During the Easter holiday, a group of 14 Senior Section members and Leaders from Girlguiding Middlesex East set out to explore Iceland. And this is the story of the day we climbed behind a waterfall...
I think Iceland as a country exceeded all our expectations. It's a spectacular and beautiful landscape and it feels like every turn in the road reveals a new and breath-taking scene. One morning found us paying a visit to the Seljalandsfoss waterfall: a huge cascade that seems to appear from nowhere, flying out from over the top of a cliff and crashing into the lagoon below. The water was always white and churning and the spray was everywhere.
This particular waterfall had a secret though. And as we narrowed our gazes and tried to peer beyond the curtain of water, we could make out a rift in the cliff face: a natural break in the rock forming a path big enough to walk on behind the waterfall.
You don't need to tell us twice! And so began a slightly slippery scramble over slick, wet rocks to venture forth beyond the cascade. Making stops for photos, of course.
Being members of Girlguiding, we are naturally prepared for pretty much anything. But sadly, given that it was a cold but clear day, we had left our waterproofs on the bus. Our hoodies were left to the job of keeping the spray at bay.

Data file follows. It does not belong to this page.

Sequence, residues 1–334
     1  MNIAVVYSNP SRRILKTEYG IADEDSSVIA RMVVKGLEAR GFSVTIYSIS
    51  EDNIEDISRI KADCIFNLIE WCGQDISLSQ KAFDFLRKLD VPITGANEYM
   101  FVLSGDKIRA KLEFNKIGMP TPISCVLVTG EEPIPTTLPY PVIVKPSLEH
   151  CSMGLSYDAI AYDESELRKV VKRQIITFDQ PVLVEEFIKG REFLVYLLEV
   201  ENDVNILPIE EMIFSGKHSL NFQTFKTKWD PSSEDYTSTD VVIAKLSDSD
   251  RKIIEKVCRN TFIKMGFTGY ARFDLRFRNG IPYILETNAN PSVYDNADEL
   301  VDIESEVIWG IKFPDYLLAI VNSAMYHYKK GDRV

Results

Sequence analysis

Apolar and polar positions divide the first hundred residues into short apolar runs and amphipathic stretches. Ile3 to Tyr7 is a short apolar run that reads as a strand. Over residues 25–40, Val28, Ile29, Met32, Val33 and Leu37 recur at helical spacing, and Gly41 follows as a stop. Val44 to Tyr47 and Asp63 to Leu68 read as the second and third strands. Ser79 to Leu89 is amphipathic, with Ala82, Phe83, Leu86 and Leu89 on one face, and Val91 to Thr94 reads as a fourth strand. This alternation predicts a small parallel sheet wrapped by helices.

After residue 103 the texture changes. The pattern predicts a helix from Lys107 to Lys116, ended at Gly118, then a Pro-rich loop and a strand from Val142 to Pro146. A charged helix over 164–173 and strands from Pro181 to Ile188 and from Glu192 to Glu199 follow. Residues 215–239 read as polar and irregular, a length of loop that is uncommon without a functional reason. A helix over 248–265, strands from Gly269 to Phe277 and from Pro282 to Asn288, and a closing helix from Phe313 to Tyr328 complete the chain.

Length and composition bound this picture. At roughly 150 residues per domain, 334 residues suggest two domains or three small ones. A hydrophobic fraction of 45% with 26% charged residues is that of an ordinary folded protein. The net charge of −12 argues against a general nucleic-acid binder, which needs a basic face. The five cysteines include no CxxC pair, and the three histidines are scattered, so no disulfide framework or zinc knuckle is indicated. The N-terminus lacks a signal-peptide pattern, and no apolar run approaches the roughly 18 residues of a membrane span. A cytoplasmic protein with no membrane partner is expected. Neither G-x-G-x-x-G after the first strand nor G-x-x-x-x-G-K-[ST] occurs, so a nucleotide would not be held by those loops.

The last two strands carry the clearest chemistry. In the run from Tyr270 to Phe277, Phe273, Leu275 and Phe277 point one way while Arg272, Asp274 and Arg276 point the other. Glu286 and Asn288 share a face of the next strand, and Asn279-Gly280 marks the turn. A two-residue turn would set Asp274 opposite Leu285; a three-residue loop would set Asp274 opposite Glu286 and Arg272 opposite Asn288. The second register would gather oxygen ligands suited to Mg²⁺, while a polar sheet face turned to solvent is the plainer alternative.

We were drenched.
Drenched through and through. But the beaming faces as we got nearer to our goal proved that nobody cared! The roar of the water became louder and fiercer and our intrepid little band tottered behind the falls.
I hung back with my camera, and shrieks of delight reassured me that all was well. If you can make out little blue blobs in the photo above, they're our girls, standing in a crevasse in a cliff while a giant waterfall pounds down above them. Pretty cool!
At this point, I joined the group and the constant stream of water flying up from the rocks proved too much for my camera lens. And fair enough: it was dripping wet. But it was an amazing experience standing behind the cascade, peering through the water, being deafened by the noise and watching our Senior Section scale the rocks up the other side with frozen fingers and enormous smiles.
A short walk produced another couple of waterfalls for us to view, and a small cave. Two of the girls attempted to move in, but I think the lack of facilities would have frustrated them after a while so we hauled them out and made them come home.
The final waterfall was concealed in a canyon and just visible through a gap between the canyon walls. To get to it demanded wading through the river, so we had to give it a miss, but it was beautiful to catch a glimpse of the waters between walls of sheer rock.